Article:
“Like morphine it all depended upon proper measurements.”
Among the novels I would suggest Pringle’s list mistakenly overlooks is Walter Tevis’ masterpiece from 1963, The Man Who Fell to Earth. Tevis (1928-1984) had a rocky childhood and stint in the Navy behind him when he started seeing steady publication in the 1950s. His first works were pool hall tales, including his first novel The Hustler, which was of course the basis of the 1961 Paul Newman-Jackie Gleason picture. TMWFTE was his second novel and also the source material for a film (and a tv adaptation, as well as a forthcoming Broadway musical and second movie).
The novel centers around the seemingly effete Thomas Jerome Newton, a distant traveler who has been sent to Earth to establish an intergalactic ferry to bring the few remaining inhabitants of his home planet, Anthea, here for resettlement. Anthea was ravaged by radioactive war. Of the three intelligent species that once inhabited the planet, only one remains. And of them, there are only about three hundred survivors. Not only do the Antheans wish to settle on Earth, but they also hope to socially engineer human society away from atomic suicide, such as Anthea suffered.
Newton has a few obstacles in his way. One, he doesn’t surround himself with the soundest company, including his main companion, a rube named Betty Jo who introduces him to gin and who witlessly pines for his foreign physiology.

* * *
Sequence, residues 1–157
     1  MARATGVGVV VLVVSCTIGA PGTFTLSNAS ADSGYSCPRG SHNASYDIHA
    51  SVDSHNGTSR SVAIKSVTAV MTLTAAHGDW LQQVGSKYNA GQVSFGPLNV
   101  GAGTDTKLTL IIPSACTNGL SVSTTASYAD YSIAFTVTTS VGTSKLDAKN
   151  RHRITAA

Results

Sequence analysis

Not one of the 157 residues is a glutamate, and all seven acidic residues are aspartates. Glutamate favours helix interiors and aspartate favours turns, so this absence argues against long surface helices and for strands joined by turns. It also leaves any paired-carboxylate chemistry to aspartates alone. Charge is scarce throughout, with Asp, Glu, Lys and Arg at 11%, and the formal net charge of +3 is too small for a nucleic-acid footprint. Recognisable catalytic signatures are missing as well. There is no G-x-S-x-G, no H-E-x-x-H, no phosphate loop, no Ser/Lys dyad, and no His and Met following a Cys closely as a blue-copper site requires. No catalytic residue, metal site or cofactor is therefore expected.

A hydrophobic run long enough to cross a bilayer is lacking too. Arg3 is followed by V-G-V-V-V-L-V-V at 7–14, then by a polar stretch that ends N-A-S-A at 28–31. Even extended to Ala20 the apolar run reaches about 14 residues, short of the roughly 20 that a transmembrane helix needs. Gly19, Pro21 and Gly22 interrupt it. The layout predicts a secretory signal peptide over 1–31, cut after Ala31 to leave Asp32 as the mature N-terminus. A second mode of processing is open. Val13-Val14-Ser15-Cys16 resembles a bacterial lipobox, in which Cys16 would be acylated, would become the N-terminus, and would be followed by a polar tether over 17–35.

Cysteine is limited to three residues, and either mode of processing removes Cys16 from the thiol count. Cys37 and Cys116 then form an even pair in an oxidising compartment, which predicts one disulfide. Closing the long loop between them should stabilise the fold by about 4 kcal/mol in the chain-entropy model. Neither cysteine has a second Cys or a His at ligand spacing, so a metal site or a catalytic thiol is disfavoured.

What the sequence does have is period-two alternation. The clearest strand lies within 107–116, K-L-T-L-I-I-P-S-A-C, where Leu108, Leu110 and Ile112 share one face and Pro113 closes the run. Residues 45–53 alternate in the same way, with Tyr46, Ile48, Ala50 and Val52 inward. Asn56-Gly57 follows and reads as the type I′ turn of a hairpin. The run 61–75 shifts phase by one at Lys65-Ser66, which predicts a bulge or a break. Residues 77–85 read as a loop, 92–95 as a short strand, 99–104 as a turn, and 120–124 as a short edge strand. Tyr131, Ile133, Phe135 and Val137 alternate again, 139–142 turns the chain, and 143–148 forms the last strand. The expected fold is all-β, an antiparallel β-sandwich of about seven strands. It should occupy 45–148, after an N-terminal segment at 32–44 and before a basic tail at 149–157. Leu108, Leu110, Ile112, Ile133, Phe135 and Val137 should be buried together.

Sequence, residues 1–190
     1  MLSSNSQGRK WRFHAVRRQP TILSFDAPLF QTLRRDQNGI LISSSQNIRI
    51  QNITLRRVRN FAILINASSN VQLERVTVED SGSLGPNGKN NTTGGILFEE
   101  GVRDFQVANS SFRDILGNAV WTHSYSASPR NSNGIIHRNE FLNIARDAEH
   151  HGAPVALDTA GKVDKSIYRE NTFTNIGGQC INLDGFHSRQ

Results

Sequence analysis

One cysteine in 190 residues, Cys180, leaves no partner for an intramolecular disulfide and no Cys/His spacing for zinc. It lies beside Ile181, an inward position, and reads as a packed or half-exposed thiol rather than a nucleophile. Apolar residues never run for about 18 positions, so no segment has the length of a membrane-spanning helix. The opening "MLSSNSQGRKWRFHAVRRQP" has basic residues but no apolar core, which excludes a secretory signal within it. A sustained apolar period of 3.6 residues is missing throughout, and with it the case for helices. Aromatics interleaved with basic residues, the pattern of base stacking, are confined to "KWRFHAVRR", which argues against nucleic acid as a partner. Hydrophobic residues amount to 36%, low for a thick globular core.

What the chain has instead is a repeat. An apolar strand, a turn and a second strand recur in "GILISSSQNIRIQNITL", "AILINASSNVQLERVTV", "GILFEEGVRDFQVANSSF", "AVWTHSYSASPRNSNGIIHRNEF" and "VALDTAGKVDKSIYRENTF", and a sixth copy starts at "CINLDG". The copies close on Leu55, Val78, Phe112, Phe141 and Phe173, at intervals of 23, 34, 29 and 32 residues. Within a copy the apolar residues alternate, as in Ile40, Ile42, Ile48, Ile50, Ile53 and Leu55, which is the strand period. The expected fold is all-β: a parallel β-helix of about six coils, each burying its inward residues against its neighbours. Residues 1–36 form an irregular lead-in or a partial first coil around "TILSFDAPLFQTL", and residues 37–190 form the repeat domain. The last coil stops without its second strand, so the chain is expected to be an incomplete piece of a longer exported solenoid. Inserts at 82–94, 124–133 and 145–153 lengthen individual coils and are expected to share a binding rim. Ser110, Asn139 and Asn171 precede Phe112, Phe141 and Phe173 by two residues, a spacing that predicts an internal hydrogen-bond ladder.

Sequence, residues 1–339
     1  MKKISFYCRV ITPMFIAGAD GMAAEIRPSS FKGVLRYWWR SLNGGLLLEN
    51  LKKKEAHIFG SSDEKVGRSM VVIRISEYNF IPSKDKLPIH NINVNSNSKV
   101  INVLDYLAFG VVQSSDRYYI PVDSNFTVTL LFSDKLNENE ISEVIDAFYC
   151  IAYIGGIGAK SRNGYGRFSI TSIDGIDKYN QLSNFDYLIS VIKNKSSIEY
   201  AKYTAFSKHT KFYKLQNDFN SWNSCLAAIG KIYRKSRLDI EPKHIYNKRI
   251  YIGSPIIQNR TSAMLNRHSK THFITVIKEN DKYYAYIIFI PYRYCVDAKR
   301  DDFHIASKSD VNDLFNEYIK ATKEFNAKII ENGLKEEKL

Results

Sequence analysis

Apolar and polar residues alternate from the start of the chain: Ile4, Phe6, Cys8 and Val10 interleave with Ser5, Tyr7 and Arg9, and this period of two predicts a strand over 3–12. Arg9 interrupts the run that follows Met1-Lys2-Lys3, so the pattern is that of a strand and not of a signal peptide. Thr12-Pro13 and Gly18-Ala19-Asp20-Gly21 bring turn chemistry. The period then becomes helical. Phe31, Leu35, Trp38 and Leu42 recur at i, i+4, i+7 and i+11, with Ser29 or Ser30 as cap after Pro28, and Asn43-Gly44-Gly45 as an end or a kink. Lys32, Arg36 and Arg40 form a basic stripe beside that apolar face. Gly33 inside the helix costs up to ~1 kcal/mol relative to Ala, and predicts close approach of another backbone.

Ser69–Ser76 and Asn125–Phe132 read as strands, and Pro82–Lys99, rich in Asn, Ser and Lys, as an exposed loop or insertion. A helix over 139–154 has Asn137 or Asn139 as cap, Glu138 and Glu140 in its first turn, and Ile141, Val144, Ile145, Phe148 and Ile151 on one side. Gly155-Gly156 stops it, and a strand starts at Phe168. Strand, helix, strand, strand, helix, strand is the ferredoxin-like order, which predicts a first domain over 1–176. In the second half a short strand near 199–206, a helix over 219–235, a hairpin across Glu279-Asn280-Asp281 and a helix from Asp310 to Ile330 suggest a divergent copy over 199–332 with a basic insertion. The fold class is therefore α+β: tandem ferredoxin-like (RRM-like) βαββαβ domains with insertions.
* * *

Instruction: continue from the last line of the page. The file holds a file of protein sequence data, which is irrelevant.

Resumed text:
“She began to feel a touch of wicked excitement in her from flirting at the edge of the idea of that strange, delicate body against hers. Looking at him and letting her imagination play with the thought, she knew that the particular thrill came from his strangeness–his strange, unmanlike, unsexual nature. Maybe she was like those women who like to make love with freaks and cripples. Well, he was both–and she did not care now, was not ashamed, with the tight pants on and the gin in her. If she could arouse him–if he could be aroused–she would be proud of herself. And if not–he was a dear man anyway and he wouldn’t be offended.”
His main source of income is a series of radically advanced patents—self-developing film, powderless toy caps—that raise the suspicion of at least one scientist, as well as the CIA and FBI. And he has a penchant for taking unnecessary chances, like leaving the “lifeboat” spacecraft he arrived in on an open area of a farmer’s field.
But this is perhaps understandable. Newton’s sole interaction with human culture before arriving is the radio and television waves drifting through space. And Tevis nails the otherworldliness of this strange creature. Newton suffers physically and emotionally. He takes on some human traits, while utterly rejecting others. Mostly he’s just vulnerable. He’s left his family and life behind for a dicey gamble at Anthean survival. Physically, he’s like glass. He incessantly pops pills to keep going and nearly breaks his birdlike bones every time he rides in an elevator or fast-moving car. But he can be alternately patronizing and vicious. On living with humans: “Think of living with the monkeys for six years. Or think of living with the insects, of living with the shiny, busy, mindless ants.”
The ending? Well, it’s devastating. This isn’t E.T., Mr. Spielberg.